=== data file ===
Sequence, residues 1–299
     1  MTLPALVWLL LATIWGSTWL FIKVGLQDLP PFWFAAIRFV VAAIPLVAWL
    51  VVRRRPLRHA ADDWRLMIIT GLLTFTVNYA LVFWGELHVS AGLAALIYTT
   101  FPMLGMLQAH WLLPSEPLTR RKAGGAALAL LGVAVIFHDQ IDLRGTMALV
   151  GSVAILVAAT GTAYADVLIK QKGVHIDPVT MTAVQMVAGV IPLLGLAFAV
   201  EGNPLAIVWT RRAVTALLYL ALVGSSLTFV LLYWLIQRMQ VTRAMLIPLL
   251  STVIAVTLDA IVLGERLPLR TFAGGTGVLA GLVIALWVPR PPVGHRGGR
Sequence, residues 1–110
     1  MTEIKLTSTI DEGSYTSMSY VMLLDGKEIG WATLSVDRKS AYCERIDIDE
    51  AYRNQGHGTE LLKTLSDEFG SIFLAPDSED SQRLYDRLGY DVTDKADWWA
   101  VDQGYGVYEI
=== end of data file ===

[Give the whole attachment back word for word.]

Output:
Sequence, residues 1–299
     1  MTLPALVWLL LATIWGSTWL FIKVGLQDLP PFWFAAIRFV VAAIPLVAWL
    51  VVRRRPLRHA ADDWRLMIIT GLLTFTVNYA LVFWGELHVS AGLAALIYTT
   101  FPMLGMLQAH WLLPSEPLTR RKAGGAALAL LGVAVIFHDQ IDLRGTMALV
   151  GSVAILVAAT GTAYADVLIK QKGVHIDPVT MTAVQMVAGV IPLLGLAFAV
   201  EGNPLAIVWT RRAVTALLYL ALVGSSLTFV LLYWLIQRMQ VTRAMLIPLL
   251  STVIAVTLDA IVLGERLPLR TFAGGTGVLA GLVIALWVPR PPVGHRGGR
Sequence, residues 1–110
     1  MTEIKLTSTI DEGSYTSMSY VMLLDGKEIG WATLSVDRKS AYCERIDIDE
    51  AYRNQGHGTE LLKTLSDEFG SIFLAPDSED SQRLYDRLGY DVTDKADWWA
   101  VDQGYGVYEI